Monday, June 27, 2016

Borders of Torture: Solidarity Vigil on UN International Day in Support of Victims of Torture

As we have done every year since 2010, the London Guantánamo Campaign marked UN International Day in Support of Victims of Torture, 26 June, with a public vigil in solidarity with all victims and survivors of torture worldwide. With the international theme this year of “Support Life after Torture”, the LGC turned its attention to one of the biggest crises currently facing the world: the refugee crisis. There are currently over 65 million people worldwide displaced by wars and conflicts and over half of them are children. Many of the people seeking refuge abroad are survivors of torture. As well as a difficult journey to safety, which can include further persecution and inhumane treatment, many men, women and children are denied refuge or are treated like criminals and held in appalling conditions in immigration detention centres and denied access to rehabilitation and adequate care.

The LGC highlighted the poor response from the UK and other European states in a silent vigil attended by around 20 people. Our solidarity action was very visual and powerful. The vigil, entitled the “Borders of Torture” involved activists holding up a washing line with bloodied (no one was harmed in the process) t-shirts and an accompanying banner stating “Don’t Hang Torture Victims out to Dry”. On a sunny and crowded afternoon in central London’s Trafalgar Square, the action was a huge hit with the public. Many people stopped to contemplate the message, take photographs of it, take leaflets and talk to activists handing them out. Overall, the public response was very positive and supportive of the action. The LGC was joined by the Guantánamo Justice Campaign and individuals activists on issues such as covert harassment. The LGC thanks everyone who joined.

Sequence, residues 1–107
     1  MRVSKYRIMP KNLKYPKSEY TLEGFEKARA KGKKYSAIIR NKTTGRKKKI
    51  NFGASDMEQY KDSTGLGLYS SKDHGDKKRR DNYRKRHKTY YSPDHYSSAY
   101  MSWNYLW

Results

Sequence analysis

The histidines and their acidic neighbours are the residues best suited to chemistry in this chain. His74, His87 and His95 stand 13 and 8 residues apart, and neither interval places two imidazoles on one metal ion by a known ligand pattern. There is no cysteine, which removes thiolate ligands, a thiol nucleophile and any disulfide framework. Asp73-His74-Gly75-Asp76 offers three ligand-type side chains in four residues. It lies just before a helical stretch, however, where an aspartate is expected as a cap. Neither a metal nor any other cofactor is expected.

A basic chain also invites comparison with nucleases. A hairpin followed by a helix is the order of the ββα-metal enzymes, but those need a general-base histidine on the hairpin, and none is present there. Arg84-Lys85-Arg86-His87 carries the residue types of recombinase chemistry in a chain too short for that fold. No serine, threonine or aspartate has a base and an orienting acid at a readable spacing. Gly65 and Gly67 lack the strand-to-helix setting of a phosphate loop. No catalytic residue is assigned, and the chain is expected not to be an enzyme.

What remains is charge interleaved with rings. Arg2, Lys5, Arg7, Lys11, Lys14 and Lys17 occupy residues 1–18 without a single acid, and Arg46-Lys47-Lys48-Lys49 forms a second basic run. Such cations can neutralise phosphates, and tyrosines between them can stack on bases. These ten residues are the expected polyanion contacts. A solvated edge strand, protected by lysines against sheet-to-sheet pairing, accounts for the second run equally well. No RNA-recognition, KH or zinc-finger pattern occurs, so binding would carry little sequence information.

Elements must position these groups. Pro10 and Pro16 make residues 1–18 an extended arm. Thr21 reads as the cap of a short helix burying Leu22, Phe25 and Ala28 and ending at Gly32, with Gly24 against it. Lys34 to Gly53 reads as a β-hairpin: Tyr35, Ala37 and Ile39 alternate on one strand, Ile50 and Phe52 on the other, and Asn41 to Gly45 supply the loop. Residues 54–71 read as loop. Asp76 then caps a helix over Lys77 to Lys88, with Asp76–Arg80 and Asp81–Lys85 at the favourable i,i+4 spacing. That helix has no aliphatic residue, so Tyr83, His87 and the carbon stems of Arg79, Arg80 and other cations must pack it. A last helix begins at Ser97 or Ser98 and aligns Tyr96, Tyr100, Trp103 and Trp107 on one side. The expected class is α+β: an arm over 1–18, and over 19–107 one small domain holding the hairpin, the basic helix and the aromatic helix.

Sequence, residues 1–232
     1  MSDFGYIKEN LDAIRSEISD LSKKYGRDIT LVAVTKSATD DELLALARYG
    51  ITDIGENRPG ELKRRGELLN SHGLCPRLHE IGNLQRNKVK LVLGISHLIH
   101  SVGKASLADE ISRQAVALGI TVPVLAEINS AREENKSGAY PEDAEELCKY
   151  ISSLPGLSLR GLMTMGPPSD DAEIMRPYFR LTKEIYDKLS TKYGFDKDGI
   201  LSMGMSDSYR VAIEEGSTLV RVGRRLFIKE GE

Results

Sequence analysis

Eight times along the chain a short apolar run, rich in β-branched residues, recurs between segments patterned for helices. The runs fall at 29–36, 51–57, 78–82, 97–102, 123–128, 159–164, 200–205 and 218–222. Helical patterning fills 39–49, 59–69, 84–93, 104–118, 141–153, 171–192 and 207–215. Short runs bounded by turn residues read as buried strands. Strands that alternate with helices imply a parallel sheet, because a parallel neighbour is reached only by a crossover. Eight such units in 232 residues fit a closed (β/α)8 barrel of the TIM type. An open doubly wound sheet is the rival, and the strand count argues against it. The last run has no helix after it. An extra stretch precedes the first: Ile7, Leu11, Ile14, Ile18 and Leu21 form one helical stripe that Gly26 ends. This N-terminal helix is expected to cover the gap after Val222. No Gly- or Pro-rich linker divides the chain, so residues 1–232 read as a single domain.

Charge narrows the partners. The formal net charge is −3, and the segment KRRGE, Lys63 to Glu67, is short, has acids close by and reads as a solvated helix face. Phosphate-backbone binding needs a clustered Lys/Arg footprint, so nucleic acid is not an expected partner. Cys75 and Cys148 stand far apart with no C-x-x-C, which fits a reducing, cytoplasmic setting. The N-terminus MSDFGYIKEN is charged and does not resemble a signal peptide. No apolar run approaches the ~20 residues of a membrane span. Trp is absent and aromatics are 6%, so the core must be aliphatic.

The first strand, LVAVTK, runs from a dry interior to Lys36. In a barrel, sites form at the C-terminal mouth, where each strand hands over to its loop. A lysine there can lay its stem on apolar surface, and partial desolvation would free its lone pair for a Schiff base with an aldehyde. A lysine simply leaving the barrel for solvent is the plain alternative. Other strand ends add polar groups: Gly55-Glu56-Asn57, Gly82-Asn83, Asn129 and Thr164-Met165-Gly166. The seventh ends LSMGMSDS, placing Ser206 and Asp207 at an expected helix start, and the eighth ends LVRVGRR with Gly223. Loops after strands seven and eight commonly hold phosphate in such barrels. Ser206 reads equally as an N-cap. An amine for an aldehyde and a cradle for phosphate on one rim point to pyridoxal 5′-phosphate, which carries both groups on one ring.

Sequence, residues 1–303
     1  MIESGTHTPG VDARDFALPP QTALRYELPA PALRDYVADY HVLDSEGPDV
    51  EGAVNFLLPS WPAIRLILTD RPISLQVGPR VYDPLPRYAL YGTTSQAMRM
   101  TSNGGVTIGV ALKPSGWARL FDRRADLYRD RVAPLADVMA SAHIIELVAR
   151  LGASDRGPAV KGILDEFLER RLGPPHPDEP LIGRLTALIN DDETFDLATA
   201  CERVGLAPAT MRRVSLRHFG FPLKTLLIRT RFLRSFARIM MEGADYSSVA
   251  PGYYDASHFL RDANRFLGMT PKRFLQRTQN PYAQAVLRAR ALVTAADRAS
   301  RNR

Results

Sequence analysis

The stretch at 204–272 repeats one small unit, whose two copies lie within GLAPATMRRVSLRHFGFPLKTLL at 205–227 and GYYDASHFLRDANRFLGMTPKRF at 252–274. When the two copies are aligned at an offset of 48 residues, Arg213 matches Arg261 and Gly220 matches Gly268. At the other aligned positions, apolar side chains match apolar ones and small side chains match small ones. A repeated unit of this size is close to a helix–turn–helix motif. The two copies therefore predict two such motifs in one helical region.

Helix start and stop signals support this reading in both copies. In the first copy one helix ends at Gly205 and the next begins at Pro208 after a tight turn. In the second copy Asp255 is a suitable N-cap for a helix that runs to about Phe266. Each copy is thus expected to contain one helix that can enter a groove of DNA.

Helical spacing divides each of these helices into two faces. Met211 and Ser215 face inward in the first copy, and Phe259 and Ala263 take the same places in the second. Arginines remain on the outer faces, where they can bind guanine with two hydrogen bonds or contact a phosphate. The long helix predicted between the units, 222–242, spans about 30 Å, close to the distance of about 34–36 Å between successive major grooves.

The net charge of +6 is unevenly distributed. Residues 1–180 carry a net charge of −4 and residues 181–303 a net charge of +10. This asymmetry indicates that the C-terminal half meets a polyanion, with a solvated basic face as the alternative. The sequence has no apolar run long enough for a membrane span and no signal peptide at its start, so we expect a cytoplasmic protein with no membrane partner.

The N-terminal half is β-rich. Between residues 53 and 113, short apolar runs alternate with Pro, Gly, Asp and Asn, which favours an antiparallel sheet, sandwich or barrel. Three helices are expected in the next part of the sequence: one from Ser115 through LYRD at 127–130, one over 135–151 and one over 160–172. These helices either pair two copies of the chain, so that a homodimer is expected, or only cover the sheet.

This year’s theme and action are not a departure from our regular work on Guantánamo Bay prisoners as more than half of the remaining 79 prisoners are in the exact same position as the refugees fleeing their homelands. Many cannot return to their countries of origin due to wars there and do not have a safe third country to which they can be sent. Yemenis make up the largest nationality group at Guantánamo. Almost 30 are cleared for release but remain at Guantánamo as they have nowhere to go. Some have been cleared for release for over a decade. As well as offering refuge, states must also ensure that torture survivors have a right to redress and rehabilitation.
Although we take the opportunity to give a voice to the voiceless on 26 June each year, the LGC stands in solidarity with torture victims and survivors every day of the year. Our London vigil was one of dozens held worldwide by different organisations and coordinated by the International Rehabilitation Council for Torture Victims.

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